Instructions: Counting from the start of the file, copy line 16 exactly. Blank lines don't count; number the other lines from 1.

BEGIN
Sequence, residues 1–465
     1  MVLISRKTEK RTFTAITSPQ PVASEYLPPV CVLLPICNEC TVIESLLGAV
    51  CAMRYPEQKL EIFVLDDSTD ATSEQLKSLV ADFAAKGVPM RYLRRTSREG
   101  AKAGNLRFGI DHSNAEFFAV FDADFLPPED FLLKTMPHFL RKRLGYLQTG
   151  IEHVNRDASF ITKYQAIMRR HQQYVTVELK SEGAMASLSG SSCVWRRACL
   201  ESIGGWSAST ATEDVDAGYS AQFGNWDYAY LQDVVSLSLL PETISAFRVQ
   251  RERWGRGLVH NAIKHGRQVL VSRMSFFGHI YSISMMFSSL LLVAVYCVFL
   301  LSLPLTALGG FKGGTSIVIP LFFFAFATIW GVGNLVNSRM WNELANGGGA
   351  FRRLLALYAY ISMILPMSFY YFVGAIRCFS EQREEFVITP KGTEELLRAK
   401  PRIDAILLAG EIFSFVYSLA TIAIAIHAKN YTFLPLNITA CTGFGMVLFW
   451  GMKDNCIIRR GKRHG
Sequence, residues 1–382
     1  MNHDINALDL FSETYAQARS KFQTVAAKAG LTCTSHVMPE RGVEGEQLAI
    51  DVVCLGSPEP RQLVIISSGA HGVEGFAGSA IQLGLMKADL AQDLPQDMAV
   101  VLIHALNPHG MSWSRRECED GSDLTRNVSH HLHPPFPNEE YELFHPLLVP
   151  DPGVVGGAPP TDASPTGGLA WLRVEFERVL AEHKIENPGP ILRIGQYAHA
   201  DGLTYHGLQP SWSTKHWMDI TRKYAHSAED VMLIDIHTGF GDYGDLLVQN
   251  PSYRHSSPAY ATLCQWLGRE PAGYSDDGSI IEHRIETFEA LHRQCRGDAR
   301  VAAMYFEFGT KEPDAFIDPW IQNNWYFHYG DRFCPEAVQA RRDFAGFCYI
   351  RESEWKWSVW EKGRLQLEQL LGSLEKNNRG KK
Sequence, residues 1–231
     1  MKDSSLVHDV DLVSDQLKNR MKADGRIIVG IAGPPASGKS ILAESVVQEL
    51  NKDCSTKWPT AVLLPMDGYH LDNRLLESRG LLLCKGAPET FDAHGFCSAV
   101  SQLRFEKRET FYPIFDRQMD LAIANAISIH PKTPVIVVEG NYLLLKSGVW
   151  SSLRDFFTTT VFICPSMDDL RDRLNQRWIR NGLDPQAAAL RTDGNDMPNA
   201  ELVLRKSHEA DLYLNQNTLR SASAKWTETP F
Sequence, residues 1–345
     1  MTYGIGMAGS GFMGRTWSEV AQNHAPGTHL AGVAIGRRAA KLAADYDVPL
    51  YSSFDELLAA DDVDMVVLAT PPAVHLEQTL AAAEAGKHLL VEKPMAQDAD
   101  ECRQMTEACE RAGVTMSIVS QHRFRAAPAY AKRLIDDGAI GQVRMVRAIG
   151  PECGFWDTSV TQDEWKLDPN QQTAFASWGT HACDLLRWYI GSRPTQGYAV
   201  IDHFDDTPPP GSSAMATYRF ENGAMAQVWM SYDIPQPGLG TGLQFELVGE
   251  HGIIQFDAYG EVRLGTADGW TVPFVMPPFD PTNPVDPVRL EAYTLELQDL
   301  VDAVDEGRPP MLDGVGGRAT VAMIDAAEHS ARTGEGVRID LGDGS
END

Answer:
   151  DPGVVGGAPP TDASPTGGLA WLRVEFERVL AEHKIENPGP ILRIGQYAHA